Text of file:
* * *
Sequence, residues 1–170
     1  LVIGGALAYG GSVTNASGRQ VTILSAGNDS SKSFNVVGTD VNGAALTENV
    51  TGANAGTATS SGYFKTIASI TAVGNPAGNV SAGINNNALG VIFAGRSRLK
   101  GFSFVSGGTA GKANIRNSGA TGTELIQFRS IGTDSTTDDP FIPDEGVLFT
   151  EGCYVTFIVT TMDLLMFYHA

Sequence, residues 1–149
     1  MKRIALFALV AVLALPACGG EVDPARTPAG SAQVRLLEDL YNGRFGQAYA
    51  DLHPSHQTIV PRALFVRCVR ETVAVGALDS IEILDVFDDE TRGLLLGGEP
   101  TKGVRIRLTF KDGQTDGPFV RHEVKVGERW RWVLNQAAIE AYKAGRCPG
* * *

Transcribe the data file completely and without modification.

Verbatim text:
Sequence, residues 1–170
     1  LVIGGALAYG GSVTNASGRQ VTILSAGNDS SKSFNVVGTD VNGAALTENV
    51  TGANAGTATS SGYFKTIASI TAVGNPAGNV SAGINNNALG VIFAGRSRLK
   101  GFSFVSGGTA GKANIRNSGA TGTELIQFRS IGTDSTTDDP FIPDEGVLFT
   151  EGCYVTFIVT TMDLLMFYHA

Sequence, residues 1–149
     1  MKRIALFALV AVLALPACGG EVDPARTPAG SAQVRLLEDL YNGRFGQAYA
    51  DLHPSHQTIV PRALFVRCVR ETVAVGALDS IEILDVFDDE TRGLLLGGEP
   101  TKGVRIRLTF KDGQTDGPFV RHEVKVGERW RWVLNQAAIE AYKAGRCPG